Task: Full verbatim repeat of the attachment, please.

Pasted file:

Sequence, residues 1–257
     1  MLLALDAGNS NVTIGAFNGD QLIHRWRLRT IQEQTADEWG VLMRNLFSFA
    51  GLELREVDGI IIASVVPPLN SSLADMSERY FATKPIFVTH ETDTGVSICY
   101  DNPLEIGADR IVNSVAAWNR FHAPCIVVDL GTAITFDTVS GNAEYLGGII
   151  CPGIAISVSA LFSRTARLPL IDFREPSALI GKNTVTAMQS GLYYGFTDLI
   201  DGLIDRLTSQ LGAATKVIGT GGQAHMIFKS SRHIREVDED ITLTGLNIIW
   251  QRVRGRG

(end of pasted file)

Sequence, residues 1–257
     1  MLLALDAGNS NVTIGAFNGD QLIHRWRLRT IQEQTADEWG VLMRNLFSFA
    51  GLELREVDGI IIASVVPPLN SSLADMSERY FATKPIFVTH ETDTGVSICY
   101  DNPLEIGADR IVNSVAAWNR FHAPCIVVDL GTAITFDTVS GNAEYLGGII
   151  CPGIAISVSA LFSRTARLPL IDFREPSALI GKNTVTAMQS GLYYGFTDLI
   201  DGLIDRLTSQ LGAATKVIGT GGQAHMIFKS SRHIREVDED ITLTGLNIIW
   251  QRVRGRG